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AIM 

6/17/21 

b. 

Controllers may authorize a contact approach 

provided: 

1. 

The contact approach is specifically request-

ed by the pilot. ATC cannot initiate this approach. 

EXAMPLE

 

Request contact approach. 

2. 

The reported ground visibility at the 

destination airport is at least 1 statute mile. 

3. 

The contact approach will be made to an 

airport having a standard or special instrument 
approach procedure. 

4. 

Approved separation is applied between 

aircraft so cleared and between these aircraft and 
other IFR or special VFR aircraft. 

EXAMPLE

 

Cleared contact approach (and, if required) at or below 
(altitude) (routing) if not possible (alternative procedures) 
and advise. 

c. 

A contact approach is an approach procedure 

that may be used by a pilot (with prior authorization 
from ATC) in lieu of conducting a standard or special 
IAP to an airport. It is not intended for use by a pilot 
on an IFR flight clearance to operate to an airport not 
having a published and functioning IAP. Nor is it 
intended for an aircraft to conduct an instrument 
approach to one airport and then, when “in the clear,” 
discontinue that approach and proceed to another 
airport. In the execution of a contact approach, the 
pilot assumes the responsibility for obstruction 
clearance. If radar service is being received, it will 
automatically terminate when the pilot is instructed to 
change to advisory frequency. 

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26.  Landing Priority 

A clearance for a specific type of approach (ILS, 
RNAV, GLS, ADF, VOR or Visual Approach) to an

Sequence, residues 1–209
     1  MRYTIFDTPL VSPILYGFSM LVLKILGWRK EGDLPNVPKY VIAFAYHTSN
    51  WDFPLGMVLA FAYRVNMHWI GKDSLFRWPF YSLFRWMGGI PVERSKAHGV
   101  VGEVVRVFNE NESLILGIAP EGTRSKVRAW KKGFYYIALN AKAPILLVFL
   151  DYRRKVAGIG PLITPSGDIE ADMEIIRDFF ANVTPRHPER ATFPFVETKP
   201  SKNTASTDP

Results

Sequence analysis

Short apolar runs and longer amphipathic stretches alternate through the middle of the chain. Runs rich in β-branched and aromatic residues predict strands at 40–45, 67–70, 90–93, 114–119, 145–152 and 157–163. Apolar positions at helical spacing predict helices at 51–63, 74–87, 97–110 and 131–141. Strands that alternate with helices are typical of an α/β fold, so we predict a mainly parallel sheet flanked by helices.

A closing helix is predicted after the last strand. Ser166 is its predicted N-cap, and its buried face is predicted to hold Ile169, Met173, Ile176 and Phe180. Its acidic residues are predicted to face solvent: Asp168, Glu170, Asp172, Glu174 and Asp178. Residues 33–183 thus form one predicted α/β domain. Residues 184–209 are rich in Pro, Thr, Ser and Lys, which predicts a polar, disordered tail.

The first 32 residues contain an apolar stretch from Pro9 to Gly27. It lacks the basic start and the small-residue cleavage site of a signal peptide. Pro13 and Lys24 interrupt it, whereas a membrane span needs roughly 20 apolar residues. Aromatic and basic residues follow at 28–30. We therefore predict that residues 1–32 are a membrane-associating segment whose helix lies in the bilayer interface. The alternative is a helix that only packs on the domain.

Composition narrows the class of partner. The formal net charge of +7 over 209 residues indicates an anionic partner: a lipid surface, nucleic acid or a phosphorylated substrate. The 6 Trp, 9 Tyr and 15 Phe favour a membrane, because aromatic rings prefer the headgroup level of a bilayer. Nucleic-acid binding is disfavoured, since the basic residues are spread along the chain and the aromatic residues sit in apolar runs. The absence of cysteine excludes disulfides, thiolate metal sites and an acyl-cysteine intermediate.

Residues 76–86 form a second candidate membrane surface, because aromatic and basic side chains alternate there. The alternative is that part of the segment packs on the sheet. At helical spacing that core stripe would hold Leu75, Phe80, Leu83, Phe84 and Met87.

aircraft operating on an IFR flight plan does not mean 
that landing priority will be given over other traffic. 
ATCTs handle all aircraft, regardless of the type of 
flight plan, on a “first

come, first

served” basis. 

Therefore, because of local traffic or runway in use, 
it may be necessary for the controller in the interest 
of safety, to provide a different landing sequence. In 
any case, a landing sequence will be issued to each 
aircraft as soon as possible to enable the pilot to 
properly adjust the aircraft’s flight path. 

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27.  Overhead Approach Maneuver 

a. 

Pilots operating in accordance with an 

IFR flight plan in Visual Meteorological Condi-
tions (VMC) may request ATC authorization for an 
overhead maneuver. An overhead maneuver is not an 
instrument approach procedure. Overhead maneuver 
patterns are developed at airports where aircraft have 
an operational need to conduct the maneuver. An 
aircraft conducting an overhead maneuver is 
considered to be VFR and the IFR flight plan is 
canceled when the aircraft reaches the initial point on 
the initial approach portion of the maneuver. (See 
FIG 5

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36.) The existence of a standard overhead 

maneuver pattern does not eliminate the possible 
requirement for an aircraft to conform to convention-
al rectangular patterns if an overhead maneuver 
cannot be approved. Aircraft operating to an airport 
without a functioning control tower must initiate 
cancellation of an IFR flight plan prior to executing 
the overhead maneuver. Cancellation of the IFR 
flight plan must be accomplished after crossing the 
landing threshold on the initial portion of the 
maneuver or after landing. Controllers may authorize 
an overhead maneuver and issue the following to 
arriving aircraft: 

1. 

Pattern altitude and direction of traffic. This 

information may be omitted if either is standard. 

PHRASEOLOGY

 

PATTERN ALTITUDE (altitude). RIGHT TURNS. 

2. 

Request for a report on initial approach. 

PHRASEOLOGY

 

REPORT INITIAL. 

3. 

“Break” information and a request for the 

pilot to report. The “Break Point” will be specified if 
nonstandard. Pilots may be requested to report 
“break” if required for traffic or other reasons. 

PHRASEOLOGY

 

BREAK AT (specified point). 
REPORT BREAK. 

Arrival Procedures 

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